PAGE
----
If there’s one essential element to achieving and maintaining mental health, it’s the consistent use of reason. When people think of reason, they usually think of someone detached from his emotions, cold like a computer, like Spock from Star Trek. But, using reason doesn’t mean repressing one’s emotions, but rather understanding your emotions and making sure they’re based on facts.
Reason means to use our minds (through the process of logic) to identify the facts of reality, and then use that knowledge to guide our lives. Reason, quite plainly, is the only means we have for gathering and validating knowledge, understanding the world around us, understanding ourselves, making decisions, solving problems, and choosing and pursuing goals and values. Emotions cannot provide this—they can only tell us we are feeling something. Mystical revelation will also not guide us. We cannot look to the stars, a God, or tarot cards to tell us how to live our lives or how to make healthy choices. Reason is not infallible and we can make mistakes, but it’s the only tool we have for survival, so we must use it, and use it to the best of our ability.
Reason is not only used to understand the reality around us, but also our internal reality. The process of using reason to look inward and understand our psychology is called introspection, and it’s a required skill for mental health and happiness.
Anytime you want to understand yourself better psychologically, introspection is the tool of choice. It involves two main questions: What am I feeling and Why am I feeling it? It also involves knowing that our emotions come from the beliefs we hold in relation to our values, and that every emotion has a theme, a fundamental meaning.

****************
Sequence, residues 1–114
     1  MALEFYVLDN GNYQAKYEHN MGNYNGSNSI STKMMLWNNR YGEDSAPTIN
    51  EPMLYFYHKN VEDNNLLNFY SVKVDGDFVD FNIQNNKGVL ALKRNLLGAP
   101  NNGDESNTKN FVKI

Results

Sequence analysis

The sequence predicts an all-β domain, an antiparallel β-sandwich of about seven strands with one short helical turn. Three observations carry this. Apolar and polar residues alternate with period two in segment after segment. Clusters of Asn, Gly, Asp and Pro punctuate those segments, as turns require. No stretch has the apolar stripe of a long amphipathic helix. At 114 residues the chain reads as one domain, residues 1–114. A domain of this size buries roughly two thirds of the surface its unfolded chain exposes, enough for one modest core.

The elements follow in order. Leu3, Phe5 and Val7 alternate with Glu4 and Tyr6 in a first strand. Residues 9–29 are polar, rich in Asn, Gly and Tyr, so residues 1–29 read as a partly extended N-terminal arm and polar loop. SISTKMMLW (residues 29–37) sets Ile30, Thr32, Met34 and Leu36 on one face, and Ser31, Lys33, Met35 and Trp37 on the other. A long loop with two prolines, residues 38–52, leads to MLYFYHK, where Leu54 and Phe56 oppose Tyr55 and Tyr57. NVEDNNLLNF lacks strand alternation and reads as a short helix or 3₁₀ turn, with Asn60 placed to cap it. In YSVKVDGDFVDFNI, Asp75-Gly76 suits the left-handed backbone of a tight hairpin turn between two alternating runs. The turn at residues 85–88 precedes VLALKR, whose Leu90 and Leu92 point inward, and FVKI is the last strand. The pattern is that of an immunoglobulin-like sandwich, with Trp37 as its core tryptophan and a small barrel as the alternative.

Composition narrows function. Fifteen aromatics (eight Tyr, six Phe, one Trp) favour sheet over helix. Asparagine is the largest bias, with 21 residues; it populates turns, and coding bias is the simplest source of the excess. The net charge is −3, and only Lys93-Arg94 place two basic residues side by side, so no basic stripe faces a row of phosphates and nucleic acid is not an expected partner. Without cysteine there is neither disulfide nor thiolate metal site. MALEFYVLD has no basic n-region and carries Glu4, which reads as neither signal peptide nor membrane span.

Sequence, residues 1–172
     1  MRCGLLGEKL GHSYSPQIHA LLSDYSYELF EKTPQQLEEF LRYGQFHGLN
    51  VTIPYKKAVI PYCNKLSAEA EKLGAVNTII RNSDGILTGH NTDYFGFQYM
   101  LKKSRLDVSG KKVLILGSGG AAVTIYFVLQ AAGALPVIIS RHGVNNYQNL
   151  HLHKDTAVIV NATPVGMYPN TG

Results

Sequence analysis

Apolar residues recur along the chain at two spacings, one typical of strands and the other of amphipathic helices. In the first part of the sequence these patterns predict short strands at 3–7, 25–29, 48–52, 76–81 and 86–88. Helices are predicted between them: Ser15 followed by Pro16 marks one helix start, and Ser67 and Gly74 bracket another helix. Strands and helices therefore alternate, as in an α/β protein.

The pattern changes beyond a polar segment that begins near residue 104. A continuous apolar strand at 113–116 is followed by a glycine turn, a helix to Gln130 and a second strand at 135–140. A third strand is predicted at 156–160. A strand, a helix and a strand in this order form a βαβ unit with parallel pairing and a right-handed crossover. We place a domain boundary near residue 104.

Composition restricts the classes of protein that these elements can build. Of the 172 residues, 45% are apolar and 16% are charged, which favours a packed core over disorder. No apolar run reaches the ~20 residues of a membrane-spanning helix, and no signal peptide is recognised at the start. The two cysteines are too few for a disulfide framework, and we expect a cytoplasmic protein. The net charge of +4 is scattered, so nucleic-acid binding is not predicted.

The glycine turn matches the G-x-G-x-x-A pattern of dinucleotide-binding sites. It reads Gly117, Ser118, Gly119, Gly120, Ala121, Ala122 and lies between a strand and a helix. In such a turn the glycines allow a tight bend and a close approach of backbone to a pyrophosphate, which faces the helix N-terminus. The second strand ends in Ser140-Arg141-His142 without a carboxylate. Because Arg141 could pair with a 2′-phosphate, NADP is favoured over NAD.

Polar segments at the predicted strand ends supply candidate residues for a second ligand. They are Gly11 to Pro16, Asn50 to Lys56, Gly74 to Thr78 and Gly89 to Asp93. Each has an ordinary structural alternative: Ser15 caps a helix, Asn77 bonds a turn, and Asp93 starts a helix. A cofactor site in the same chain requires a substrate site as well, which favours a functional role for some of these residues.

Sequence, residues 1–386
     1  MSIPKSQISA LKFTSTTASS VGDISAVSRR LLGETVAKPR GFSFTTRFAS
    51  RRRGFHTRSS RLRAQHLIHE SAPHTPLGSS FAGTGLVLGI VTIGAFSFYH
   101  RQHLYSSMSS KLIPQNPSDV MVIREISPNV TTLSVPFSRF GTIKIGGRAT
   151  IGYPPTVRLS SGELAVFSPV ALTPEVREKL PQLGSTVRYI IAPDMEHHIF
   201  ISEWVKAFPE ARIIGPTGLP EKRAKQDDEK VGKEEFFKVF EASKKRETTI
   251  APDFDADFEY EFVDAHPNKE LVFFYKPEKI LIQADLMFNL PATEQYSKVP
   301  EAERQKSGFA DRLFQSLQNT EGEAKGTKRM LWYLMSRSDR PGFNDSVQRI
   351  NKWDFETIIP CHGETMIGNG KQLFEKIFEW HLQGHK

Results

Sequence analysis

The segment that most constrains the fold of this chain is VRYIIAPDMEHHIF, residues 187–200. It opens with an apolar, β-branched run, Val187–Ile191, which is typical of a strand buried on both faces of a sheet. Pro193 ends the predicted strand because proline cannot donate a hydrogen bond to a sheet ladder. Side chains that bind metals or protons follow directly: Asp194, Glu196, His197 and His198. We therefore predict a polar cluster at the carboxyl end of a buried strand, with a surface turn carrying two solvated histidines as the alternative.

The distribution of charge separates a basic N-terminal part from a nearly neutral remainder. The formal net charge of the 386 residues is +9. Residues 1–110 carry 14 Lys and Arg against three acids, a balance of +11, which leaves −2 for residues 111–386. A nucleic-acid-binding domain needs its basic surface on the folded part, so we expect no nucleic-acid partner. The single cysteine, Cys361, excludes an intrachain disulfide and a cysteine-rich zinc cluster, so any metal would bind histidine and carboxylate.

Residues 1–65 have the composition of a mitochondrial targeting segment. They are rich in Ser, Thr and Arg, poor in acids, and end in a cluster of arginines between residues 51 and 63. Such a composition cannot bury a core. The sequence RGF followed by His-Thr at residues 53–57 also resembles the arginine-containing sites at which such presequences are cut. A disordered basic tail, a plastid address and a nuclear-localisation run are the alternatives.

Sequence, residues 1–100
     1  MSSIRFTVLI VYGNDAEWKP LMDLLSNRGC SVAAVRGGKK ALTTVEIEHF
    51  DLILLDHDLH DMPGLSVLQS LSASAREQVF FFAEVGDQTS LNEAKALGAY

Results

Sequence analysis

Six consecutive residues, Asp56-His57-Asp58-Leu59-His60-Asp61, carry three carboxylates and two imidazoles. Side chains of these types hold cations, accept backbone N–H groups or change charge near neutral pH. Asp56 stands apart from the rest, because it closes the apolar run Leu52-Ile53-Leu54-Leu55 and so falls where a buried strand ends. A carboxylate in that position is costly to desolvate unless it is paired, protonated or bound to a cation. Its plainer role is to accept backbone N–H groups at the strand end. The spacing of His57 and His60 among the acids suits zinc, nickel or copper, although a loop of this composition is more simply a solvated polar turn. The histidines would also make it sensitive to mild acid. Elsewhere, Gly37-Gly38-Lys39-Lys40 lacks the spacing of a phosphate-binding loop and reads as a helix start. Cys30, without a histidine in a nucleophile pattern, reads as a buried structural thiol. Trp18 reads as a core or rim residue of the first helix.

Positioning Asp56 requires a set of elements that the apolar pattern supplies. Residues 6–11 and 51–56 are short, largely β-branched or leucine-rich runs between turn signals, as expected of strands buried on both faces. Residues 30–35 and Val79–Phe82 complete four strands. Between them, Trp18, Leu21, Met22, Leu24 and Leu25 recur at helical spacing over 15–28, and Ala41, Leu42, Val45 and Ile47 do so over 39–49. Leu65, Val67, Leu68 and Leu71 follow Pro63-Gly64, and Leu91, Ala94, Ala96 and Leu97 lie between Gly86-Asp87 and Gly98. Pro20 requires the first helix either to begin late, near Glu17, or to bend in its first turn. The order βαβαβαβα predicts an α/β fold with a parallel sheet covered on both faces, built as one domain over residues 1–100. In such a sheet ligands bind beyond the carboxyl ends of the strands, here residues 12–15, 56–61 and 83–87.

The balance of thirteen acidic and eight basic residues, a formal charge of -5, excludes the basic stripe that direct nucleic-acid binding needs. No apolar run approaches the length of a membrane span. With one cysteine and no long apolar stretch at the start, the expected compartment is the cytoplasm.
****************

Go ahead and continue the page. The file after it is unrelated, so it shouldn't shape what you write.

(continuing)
For example, let’s say you identify that you’re feeling sad. Sadness is the emotion of loss, specifically, the loss of a value. For example, if you believe you’ve lost a friend, a job you really wanted, or your own self-esteem, you’ll feel sad. The sadness comes from your perception of the loss and the fact that the thing (the friend, job, or self-esteem) you lost was a value to you. The bigger the loss, the stronger the sadness.
Whenever you’re feeling sad and you’re not sure why, you can introspect and ask yourself: “What value do I think I’ve lost?” and that will help you figure out where the sadness is coming from. In addition, sometimes our beliefs turn out to be mistaken once we evaluate them or gain more knowledge. For example, you think a friend is furious at you and that she doesn’t want to be friends anymore, and you feel sad as a result. After talking with the friend, you learn that she is only slightly mad, and she never thought of ending the friendship, which makes you feel relieved and the sadness goes away.
Introspection can be used to understand any emotion you’re feeling; it only requires some knowledge of how to use it and some practice. It’s a vital skill taught in good psychotherapy to help individuals understand themselves better and resolve mental health problems such as depression and anxiety. Introspection is an invaluable tool of reason that anyone wanting to achieve mental health and happiness needs in their arsenal.